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Friday 4 September 2015 | Published in Regional


Veteran reporter of news in the Pacific, Michael Field, has shed some light on the recent news of a festering rebellion in the northern hills of Fiji’s Viti Levu.

On his online news comment blog, Field has posted a photograph of a group of Fijians who he says are the people behind the rebellion that Fiji’s Prime Minister Frank Bainimarama has vowed to “crush”.

“These are the people giving Fiji supremo Voreqe Bainimarama disturbed sleep,” Field blogs. “ They call themselves Ministers of the Nadroga Navosa Sovereign Christian State – one of two reputed new nations in the Fiji Islands.

“Most of the people in the photo are now sitting in Fiji jails on charges of sedition and causing unrest.

“The man in the wheel chair, former politician Osea Gavidi, has recently died.

The woman in orange sitting beside him, Oni Kirwin, is living in Australia and has been put on Fiji’s immigration black list. Bainimarama is rather frightened of her.”

The group is known for short as the Ra Nation, based on what the people in the photo, taken from Oni Kirwin’s Facebook site, call the Uluda Declaration.

Mount Uluda, an 866 metre peak in the Nakauvadra Range, is ironically the source of Fiji Water, one of the nation’s iconic export products.

According to legend, Degei – Fiji’s serpent god that created the world, fruit and men – is said to reside in the caves of Cibaciba and Drakulu on Mt Uluda, Field blogs.

“Degie is in the business of judging men, sending some to heaven while others were thrown into a lake. He is an old testament style god, given to destroying crops and creating floods, keen on wiping mankind out.

“In keeping with the general tone, the area was also the home of the 19th Century Udre Udre –a cannibal king said to have consumed 872 people. Others say 999. He was of the view that if he ate one thousand bodies he would become immortal.”

Field says Oni Kirwin is now running the Ra Nation, “charging around Viti Levu holding meetings with assorted characters”.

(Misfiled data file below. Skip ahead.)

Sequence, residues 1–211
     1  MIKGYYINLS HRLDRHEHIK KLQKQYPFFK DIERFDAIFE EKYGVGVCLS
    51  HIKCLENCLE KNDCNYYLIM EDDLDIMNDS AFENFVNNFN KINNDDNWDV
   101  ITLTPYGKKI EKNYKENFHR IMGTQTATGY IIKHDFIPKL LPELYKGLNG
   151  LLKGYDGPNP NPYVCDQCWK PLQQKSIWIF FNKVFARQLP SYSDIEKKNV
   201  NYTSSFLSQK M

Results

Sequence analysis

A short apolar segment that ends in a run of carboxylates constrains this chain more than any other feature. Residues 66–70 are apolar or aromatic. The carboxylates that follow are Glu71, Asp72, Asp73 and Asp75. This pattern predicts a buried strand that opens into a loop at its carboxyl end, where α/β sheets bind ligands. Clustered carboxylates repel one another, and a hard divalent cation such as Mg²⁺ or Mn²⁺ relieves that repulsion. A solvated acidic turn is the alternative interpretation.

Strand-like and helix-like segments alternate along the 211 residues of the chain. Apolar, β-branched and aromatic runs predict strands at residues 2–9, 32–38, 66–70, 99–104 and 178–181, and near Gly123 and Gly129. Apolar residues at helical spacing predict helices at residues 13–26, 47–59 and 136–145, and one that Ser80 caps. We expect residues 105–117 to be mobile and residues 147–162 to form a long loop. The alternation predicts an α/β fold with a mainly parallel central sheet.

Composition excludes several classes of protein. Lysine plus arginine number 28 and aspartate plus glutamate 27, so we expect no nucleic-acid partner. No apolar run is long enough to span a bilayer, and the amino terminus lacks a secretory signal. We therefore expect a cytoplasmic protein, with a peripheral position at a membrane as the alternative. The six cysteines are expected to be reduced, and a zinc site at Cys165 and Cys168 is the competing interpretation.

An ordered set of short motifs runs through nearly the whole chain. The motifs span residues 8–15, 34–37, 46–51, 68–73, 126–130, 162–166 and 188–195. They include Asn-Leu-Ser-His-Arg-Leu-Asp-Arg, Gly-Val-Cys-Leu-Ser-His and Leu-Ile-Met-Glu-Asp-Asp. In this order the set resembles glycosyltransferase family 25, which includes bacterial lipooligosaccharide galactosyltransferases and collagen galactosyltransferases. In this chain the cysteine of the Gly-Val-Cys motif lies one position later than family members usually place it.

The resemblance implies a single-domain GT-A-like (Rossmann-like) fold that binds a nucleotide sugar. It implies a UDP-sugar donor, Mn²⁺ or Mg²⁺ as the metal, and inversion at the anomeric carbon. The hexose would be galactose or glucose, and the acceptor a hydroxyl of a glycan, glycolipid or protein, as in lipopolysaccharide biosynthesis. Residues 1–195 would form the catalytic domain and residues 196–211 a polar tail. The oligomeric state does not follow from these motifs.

Field continues: “The new state she created has had a number of founding events. The significant one, according to Oni Kirwin, took place on November 4 in Cuvu, just west of Sigatoka and near the Shangri–la Fijian Resort.

“She says she swore in her cabinet, just like the recently departed Vice President Jopi Seniloli did with the Speight gang in 2000 and was sent to jail for sedition.

“Osea Gavidi, 71, was named as the new president. But he died on April 3 this year.

“The new cabinet passed the Nadroga-Navosa Constitution with ten commandments. It was ratified (Kirwin does not say what she means with this legalese) in Naevuevu, up in the mountains above Sigatoka.

“Kirwin left Fiji last November and, rather grandly, informed the United Nations and Queen Elizabeth II of the existence of the Ra Nation. She seems to have received no reply.

“She says she has applied to the International Court of Justice for recognition. The body’s website has not recorded the correspondence.

“Kirwin had some new flags for the state stitched up in Australia. With a sense of drama, she had them smuggled into Fiji and they were raised over two “autonomous Christian states” in Cuvu and in Rakiraki on April 10.

“Kirwin claims that as no one ripped the flags down for seven days the flags are now accepted as the standard for the respective autonomous Christian states they represent, ‘pursuant to international conventions on state flags’.

“There is no international convention on flags other than that which applies to registration of ships,” Field points out.

Kirwin says she is running things from Australia, talking daily to the two new governments.